Make my hair Seattle-proof
May 29, 2016 9:18 AM   Subscribe

I have shortish wavy/curly hair that I straighten and add some texture to with a wand. It really doesn't do well with rain/mist/humidity, but I live in a part of the country where I don't have to deal with that as much. What should I do to make it more manageable when I move to Seattle? I'm looking mostly for comparison-shopping advice on the different smoothing chemical treatments but I'm open to other ideas.

I'm a White woman with fairly thin, bleached blonde hair. I wash and style it once a week, and usually have to do just a tiny touch up daily. I don't want to have to style it too much more than that, and I want it to look fairly natural. I know how to style it curly, I just strongly prefer the straightened/texturized look, mostly because it's easier to manage. In bad humidity, it ends up becoming a frizzy poof that flips 90 degrees out on one side and 90 degrees in on the other...just not my thing. In an ideal world, I'd be able to leave the house without an umbrella and still look halfway presentable for the day.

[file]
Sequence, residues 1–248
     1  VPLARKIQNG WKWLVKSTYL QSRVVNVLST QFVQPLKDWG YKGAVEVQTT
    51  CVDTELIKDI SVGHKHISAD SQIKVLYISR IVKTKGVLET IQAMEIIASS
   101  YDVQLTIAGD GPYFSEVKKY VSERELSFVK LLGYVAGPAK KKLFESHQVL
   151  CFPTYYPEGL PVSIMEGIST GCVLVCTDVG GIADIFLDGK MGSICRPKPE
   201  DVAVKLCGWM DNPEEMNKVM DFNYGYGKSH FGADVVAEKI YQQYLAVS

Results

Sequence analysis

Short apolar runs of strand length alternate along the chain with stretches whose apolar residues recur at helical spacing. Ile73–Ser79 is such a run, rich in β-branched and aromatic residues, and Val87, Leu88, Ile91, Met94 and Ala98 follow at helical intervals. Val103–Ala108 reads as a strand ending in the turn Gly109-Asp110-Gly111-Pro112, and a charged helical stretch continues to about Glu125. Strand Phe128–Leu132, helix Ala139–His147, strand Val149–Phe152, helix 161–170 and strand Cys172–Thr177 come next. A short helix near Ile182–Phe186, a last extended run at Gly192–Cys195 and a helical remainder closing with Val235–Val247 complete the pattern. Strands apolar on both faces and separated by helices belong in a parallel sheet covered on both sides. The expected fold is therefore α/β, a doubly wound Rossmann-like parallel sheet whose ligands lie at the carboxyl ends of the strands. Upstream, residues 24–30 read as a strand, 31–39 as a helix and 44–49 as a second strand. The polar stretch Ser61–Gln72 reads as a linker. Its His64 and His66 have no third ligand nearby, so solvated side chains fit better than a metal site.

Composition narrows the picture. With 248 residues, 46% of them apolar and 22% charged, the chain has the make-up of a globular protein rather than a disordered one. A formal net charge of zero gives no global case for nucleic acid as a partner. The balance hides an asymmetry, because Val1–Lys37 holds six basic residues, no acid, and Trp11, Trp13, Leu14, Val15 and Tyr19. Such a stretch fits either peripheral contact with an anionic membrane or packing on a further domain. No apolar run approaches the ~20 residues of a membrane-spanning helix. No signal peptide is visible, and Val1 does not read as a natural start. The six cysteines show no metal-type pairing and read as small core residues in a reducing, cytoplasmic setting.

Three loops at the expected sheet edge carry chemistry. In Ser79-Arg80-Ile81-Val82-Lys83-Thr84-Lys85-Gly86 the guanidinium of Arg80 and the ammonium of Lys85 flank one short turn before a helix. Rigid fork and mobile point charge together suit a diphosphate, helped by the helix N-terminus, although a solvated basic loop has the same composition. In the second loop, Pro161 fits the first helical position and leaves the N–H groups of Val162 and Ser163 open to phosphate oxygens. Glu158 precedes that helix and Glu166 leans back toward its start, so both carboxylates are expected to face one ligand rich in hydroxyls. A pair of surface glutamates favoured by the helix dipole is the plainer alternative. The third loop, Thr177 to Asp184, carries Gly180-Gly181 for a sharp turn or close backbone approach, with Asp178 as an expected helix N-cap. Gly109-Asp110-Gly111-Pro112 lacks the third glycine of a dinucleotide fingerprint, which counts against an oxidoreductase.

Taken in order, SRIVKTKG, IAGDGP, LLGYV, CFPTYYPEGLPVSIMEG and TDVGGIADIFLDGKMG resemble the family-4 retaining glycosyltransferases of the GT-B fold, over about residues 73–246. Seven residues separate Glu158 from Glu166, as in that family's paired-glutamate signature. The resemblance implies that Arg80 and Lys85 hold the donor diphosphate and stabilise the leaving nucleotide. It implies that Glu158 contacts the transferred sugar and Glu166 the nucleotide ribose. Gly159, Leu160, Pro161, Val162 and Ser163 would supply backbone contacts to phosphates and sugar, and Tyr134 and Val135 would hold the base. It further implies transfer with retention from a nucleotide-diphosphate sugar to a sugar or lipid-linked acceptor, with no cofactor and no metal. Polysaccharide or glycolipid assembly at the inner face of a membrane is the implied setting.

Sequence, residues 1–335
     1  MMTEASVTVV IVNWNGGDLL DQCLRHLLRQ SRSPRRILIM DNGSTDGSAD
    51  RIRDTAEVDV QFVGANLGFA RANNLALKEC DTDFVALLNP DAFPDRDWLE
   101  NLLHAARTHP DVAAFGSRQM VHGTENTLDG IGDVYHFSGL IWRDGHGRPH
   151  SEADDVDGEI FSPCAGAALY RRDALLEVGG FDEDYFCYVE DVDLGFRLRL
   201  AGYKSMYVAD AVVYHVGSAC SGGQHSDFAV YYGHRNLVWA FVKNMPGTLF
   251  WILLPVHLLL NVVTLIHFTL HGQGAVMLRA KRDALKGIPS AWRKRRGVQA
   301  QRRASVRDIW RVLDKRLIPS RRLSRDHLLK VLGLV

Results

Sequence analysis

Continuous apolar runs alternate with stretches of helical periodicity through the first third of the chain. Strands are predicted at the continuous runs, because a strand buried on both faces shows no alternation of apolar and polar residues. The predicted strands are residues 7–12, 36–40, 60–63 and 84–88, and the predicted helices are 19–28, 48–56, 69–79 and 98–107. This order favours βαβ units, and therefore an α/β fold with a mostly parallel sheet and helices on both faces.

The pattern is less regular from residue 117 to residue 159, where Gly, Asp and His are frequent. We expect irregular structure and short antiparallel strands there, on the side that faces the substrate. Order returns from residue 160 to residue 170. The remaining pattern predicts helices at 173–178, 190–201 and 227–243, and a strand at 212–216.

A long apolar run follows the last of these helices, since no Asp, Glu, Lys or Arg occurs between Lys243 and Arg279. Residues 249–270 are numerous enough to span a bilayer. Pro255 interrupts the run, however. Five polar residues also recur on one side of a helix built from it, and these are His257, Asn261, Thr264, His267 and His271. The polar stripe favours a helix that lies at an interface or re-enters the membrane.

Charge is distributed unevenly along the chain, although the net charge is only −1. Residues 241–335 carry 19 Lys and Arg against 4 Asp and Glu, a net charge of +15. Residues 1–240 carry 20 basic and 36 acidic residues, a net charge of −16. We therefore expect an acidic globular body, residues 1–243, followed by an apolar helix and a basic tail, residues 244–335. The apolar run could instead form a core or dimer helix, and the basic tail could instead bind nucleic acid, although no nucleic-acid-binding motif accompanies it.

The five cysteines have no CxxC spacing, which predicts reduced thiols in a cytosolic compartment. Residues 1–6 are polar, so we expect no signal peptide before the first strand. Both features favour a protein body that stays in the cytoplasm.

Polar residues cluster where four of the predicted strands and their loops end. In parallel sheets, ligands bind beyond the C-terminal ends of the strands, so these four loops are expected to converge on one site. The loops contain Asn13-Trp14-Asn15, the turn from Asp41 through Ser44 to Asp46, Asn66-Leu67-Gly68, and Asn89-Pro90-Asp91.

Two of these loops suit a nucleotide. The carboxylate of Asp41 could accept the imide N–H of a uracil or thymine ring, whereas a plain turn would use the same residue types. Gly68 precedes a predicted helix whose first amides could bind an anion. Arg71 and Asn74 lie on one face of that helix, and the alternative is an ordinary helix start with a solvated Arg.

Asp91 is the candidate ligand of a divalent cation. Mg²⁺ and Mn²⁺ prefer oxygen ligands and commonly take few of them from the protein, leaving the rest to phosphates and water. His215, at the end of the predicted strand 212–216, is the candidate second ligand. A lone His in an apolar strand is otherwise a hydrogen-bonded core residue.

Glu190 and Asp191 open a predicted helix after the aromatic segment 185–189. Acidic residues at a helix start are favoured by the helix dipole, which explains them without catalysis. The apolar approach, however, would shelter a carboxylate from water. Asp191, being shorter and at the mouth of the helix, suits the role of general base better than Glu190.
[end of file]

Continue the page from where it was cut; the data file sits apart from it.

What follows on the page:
I've heard of Pravana, Brazilian blowouts, keratin treatments, and others. What's my best bet?
posted by deus ex machina to Clothing, Beauty, & Fashion (14 answers total) 3 users marked this as a favorite
FWIW, I'm from Seattle and my hair is MUCH MUCH MUCH curlier in Virginia than it ever was back home. So Seattle humidity is different than the type of humidity you might be used to, probably because there's a lower dew point in Seattle. You might not need to do that much to make your hair manageable.